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St George’s News - Waterlooville’s Parish Magazine

The Website for St George’s Church, Waterlooville and its Parish Magazine St George’s News

Summer 2022 issue

Margaret Cavey, 1944 - 2022

As a family we moved every four or five years. We were fortunate in that this included periods in both Jersey and Guernsey, places where many people are not lucky enough to be able to live, but as a family we also lived in Chichester, the Isle of Wight and finally settling in Waterlooville. On each of these occasions, prior to the whole family moving, Dad would spend up to 6 months in the new location setting up his work and our new home, leaving Mum to deal with everything that two growing boys could do. If that wasn’t enough the first day in a new place generally didn’t go smoothly.  On the first day in Chichester Martin fed Paul poison berries. On the first day in Guernsey our new neighbour came round to play and ran through a plate glass window. On the first day on the Isle of Wight Paul fell off his bike and needed to go to A&E. None of these problems seemed to faze Mum very much!

Whatever was going on in her life, it was the family unit that was always Mum’s priority. She was there to collect us at the school gate when we were little, and in later years from the school bus when it was raining (she was clearly worried that her teenage sons may drift away!). We were very keen swimmers as children. After an incident when she herself was a child, mum had a lifetime fear of water, so was worried whenever she saw us at the deep end of the swimming pool. She was calmer when we were in the shallow end despite the fact that we weren’t tall enough to be able to touch the bottom there either. Mum would take Paul and I to Wick, which from the Channel Islands was a long, long journey of trains, planes, and automobiles. Going across London on the tube with two young boys and all their luggage was not for the faint hearted but it didn’t matter what we needed, Mum would always try and ensure that we were able to do it.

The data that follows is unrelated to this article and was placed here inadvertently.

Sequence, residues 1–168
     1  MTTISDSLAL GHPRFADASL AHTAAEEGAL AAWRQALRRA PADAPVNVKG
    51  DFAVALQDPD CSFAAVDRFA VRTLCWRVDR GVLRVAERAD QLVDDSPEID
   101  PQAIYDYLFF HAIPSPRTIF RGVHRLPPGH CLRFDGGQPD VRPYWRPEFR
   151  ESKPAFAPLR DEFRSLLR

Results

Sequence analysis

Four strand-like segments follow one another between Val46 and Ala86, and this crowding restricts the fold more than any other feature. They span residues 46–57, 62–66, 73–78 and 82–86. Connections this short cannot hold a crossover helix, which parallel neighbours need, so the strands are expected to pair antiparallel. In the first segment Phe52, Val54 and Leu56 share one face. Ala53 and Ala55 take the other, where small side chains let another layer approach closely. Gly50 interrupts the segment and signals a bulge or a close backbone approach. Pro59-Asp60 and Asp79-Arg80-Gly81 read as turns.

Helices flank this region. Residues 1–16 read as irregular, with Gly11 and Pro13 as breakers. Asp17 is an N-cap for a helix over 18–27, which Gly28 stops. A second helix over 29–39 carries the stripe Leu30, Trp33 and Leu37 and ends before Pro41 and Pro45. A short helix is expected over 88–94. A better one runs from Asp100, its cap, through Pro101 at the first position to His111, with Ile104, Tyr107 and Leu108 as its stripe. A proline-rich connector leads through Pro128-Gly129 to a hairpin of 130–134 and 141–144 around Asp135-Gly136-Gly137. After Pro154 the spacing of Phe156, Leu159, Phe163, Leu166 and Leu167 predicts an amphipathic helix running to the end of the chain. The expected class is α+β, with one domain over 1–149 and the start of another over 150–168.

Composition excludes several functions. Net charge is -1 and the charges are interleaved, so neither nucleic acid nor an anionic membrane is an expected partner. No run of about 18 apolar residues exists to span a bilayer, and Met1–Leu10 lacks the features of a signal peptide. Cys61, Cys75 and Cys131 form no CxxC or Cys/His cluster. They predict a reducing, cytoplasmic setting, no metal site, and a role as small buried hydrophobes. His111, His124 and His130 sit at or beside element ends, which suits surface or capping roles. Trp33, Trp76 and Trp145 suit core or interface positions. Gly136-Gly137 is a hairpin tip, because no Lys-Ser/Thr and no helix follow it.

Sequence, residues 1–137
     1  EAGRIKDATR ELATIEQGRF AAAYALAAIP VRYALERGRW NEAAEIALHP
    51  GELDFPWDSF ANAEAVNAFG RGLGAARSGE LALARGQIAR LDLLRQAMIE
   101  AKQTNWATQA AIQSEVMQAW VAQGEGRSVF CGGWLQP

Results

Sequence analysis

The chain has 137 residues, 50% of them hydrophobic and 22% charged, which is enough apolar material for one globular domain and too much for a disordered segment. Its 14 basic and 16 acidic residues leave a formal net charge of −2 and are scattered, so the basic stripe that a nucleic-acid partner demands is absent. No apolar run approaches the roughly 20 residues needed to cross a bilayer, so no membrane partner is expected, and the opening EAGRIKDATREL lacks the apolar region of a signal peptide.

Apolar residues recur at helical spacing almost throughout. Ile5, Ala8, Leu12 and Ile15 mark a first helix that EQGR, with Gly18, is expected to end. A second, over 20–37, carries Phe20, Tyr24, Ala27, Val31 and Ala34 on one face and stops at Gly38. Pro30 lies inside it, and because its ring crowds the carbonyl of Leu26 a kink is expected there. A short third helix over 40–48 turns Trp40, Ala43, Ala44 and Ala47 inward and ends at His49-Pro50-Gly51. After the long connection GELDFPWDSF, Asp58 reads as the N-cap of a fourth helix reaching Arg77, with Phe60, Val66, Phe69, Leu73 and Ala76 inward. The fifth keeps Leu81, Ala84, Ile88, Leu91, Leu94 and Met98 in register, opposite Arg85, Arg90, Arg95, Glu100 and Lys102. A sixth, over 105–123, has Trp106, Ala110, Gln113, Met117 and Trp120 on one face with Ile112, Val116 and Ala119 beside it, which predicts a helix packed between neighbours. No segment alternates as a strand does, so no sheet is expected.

We say we were most important, but for Mum’s true affections it was always a close competition between us and the family dog. When we were in Jersey Mum rang Dad and said, presumably in a pleading voice, that there were two dogs at the animal shelter. Dad’s response was an emphatic “NO’’.  When he got home from work there was Donald the Jack Russel to meet him. Since then, Honey and then Hamish succeeded Donald as Mum’s firm companions. Both Donald and Hamish, particularly Hamish, were quite frankly crazy. Hamish used to bark so much that mum would have to leave the house to get some peace and quiet. She was just too nice to be any good at showing dogs who should be the boss. In hospital recently she couldn’t say very much but did admit that “Hamish was a nightmare”, though at the time she was looking at his photo and smiling.

Mum loved a bargain. If anything was to be purchased then it had to be a bargain, but if there was a bargain available then it often had to be bought. I am not sure whether that is a Scottish trait, or just reflects that when they were growing up, her family had very little money. Dad has said that it wasn’t until we got to Jersey that there was enough money for us to be able to eat out sometimes. So, Dad was willing to spend too, but he did have a bank manager attitude, and that could come into conflict with Mum’s approach. Shockingly, there were times while we were growing up that both Martin and I needed money. Dad would say, quite reasonably, that he could provide a loan, but would charge interest. Like her faith, money within the family was another of the select issues about which Mum had a determined opinion. “You are NOT making your sons pay interest!” and we never did.